There may be no place, except perhaps the military, that is more highly regimented than ballet. From the pre-professional program, Ross became a trainee, moved to the studio company and then won one of the company’s few apprenticeships.
“It’s very competitive, obviously because it’s 20 girls vying for one or two contracts,” Ross said. “That was a really tough year, just mostly mentally, honestly. Trying to keep yourself moving forward.” When she got the apprenticeship Ross said “it felt like a huge weight lifted off my shoulders.”
Of course, now she is at the bottom of the main company, hoping to move to the corps de ballet, and then to demi-soloist, soloist and then at last to principal. “Yes, I have to work my way back up,” she said.
In the middle of this rung-by-rung climb the COVID-19 pandemic hit, tossing the academy, the company and careers into limbo.
Fontana had been at the Colorado Ballet’s summer intensive program and was offered a spot in the pre-professional program. He had planned to return to Seattle, where he had been taking ballet classes since he was 8, and audition there, but everything was shut down. He took the pre-professional spot.
Like all the dancers, Ross and Fontana were reduced to taking ballet classes over Zoom, not an ideal way to improve or, and this is key, show the powers that be how good you are. It was doubly challenging for Fontana, who had suffered a knee injury just before the pandemic hit.
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In the fall of 2021, everyone was finally back in the studio, albeit wearing masks. “It was hard coming back,” Ross said. “It’s going from maybe you get to do one ballet class, in a small space, to doing a six-hour day in a whole big room.”
“It was kind of a shock because my body was not used to this schedule,” Fontana said. “My knee was not used to holding up my body. It took me awhile to come back to where I thought I was improving again.” Nevertheless, he managed to make it from trainee to the studio company. “That was a relief,” he said.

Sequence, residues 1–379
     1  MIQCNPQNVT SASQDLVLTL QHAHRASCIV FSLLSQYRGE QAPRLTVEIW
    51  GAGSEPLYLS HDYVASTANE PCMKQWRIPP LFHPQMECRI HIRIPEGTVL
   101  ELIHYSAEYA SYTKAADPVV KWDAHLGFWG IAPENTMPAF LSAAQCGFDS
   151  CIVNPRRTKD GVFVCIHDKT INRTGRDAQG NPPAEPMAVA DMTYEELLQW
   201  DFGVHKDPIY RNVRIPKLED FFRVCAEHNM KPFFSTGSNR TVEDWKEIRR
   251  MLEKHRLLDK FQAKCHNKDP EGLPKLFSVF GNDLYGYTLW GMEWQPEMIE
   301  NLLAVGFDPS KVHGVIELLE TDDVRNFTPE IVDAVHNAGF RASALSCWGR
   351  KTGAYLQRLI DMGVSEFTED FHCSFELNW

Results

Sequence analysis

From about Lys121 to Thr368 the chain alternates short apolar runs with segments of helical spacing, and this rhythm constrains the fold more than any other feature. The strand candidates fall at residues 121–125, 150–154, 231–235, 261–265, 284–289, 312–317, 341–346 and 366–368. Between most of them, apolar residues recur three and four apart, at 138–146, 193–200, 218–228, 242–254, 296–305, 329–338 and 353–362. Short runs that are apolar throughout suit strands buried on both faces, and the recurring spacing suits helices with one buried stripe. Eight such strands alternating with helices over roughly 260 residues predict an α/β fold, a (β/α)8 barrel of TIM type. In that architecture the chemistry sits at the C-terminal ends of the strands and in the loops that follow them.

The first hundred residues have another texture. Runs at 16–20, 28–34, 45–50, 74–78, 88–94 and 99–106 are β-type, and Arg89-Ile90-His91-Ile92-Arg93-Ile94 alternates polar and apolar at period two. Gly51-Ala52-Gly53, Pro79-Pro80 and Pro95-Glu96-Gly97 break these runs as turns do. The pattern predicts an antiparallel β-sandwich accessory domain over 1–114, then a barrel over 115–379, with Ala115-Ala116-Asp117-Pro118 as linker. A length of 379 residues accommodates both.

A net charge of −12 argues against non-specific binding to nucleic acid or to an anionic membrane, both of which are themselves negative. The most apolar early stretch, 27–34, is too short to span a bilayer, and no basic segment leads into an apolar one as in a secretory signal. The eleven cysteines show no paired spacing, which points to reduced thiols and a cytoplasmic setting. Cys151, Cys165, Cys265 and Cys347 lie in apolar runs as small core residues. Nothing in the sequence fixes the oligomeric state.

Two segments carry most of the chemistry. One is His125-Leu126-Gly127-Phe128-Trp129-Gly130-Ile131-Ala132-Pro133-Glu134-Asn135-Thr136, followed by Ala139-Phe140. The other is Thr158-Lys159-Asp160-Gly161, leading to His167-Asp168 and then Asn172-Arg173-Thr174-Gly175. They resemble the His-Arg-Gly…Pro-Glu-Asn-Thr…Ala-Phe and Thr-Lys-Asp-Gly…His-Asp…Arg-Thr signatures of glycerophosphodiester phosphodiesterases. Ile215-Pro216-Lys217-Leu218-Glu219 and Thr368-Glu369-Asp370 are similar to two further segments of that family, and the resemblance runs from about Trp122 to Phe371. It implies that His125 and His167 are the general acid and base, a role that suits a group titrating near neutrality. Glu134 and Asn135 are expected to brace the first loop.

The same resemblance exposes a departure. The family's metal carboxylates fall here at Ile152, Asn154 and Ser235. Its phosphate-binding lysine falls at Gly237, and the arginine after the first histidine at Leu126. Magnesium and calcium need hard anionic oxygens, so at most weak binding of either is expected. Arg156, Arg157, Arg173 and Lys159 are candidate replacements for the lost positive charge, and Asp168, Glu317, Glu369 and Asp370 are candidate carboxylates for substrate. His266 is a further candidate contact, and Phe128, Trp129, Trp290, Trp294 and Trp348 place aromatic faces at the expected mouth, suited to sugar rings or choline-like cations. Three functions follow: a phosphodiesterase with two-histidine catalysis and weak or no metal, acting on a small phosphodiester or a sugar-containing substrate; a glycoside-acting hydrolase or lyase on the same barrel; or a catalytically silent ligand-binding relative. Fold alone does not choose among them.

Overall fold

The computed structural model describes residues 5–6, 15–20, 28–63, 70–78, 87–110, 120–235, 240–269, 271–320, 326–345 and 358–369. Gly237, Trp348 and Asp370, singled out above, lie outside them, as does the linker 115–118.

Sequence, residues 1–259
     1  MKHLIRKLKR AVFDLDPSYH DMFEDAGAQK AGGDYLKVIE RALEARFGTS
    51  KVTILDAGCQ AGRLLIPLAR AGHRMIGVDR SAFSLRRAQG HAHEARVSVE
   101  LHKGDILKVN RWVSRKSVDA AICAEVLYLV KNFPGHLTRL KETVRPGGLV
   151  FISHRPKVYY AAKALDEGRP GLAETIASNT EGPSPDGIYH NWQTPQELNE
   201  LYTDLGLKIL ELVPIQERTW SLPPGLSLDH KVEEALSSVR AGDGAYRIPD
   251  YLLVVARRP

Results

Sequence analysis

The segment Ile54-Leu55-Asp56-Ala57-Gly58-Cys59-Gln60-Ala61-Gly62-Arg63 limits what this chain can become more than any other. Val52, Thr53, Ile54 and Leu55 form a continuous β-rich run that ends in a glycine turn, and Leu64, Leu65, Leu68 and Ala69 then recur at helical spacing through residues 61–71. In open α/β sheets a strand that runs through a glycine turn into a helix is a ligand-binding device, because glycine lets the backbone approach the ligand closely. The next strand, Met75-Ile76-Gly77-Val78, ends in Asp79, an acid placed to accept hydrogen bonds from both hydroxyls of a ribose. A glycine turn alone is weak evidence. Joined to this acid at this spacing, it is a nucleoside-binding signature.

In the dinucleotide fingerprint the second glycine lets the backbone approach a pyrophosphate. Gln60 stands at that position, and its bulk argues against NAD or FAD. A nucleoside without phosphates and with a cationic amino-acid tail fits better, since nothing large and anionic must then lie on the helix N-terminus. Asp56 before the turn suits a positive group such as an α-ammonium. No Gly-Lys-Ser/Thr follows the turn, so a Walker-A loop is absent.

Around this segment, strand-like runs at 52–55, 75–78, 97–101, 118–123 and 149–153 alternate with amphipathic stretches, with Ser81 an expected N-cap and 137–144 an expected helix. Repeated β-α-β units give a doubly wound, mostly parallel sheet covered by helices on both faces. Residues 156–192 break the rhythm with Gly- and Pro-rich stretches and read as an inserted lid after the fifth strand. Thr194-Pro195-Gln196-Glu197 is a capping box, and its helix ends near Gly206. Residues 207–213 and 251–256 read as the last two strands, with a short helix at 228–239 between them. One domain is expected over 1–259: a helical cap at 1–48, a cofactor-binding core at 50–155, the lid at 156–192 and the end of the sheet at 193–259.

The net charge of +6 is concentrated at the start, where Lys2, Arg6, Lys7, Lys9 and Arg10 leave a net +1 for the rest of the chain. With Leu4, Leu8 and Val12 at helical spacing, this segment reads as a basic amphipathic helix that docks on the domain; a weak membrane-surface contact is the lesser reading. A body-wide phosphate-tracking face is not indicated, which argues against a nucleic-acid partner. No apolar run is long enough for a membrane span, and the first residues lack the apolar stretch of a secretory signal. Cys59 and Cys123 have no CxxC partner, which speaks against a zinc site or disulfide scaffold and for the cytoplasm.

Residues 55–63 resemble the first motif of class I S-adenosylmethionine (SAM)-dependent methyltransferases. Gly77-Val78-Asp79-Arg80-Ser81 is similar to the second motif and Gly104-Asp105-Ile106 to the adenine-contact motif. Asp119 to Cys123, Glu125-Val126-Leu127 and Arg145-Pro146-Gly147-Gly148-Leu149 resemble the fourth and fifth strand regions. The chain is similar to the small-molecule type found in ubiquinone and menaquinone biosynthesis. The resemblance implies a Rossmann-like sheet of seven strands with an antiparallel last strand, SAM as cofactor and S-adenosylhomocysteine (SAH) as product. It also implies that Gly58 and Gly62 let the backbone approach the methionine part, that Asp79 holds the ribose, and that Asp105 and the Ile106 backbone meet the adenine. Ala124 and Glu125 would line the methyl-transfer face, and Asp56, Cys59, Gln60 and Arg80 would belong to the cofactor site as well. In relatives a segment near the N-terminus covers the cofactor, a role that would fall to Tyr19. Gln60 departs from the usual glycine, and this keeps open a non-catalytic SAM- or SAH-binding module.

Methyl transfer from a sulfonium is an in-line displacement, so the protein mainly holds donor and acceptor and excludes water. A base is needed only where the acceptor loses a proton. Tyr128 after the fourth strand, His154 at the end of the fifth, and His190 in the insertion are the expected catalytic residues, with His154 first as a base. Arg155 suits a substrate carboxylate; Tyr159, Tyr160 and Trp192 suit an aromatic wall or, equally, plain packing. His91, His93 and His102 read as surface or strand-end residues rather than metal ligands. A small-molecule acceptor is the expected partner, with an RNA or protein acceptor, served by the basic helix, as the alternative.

A big part of his progress, Fontana said, comes from Luciano. “When you go through life and people give you advice, but it takes that one person going over it over and over again and it really clicks. That was him for me.”
“Even now he’ll poke his head to the door and he’ll see me and I’ll be doing something and he’ll be like, nope, fix your thumbs,” Fontana said. In ballet even the smallest detail demands attention.
This is what Boggs, the company artistic director, has been seeking. “When I first got here, the academy didn’t have that ability to cultivate dancers … and it took awhile to get there and then we instituted the pre-professional program.
“We’ve created a system, like baseball, so I know how to develop this person who is in their early 20s, so that when they get to 27 or 28, they can handle these major roles and move into principals,” he said.
And now the ranks of the academy teachers will also be replenished. “There are some people you know, like Domenico and Dana, who have an urge to pass it on,” Boggs said.
“And you need to make sure that that desire is there. You certainly don’t want anyone who’s just looking for a paycheck. There’s so much involved in what a teacher needs to bring to students.”
Preparing the final pas de deux while looking toward young pupils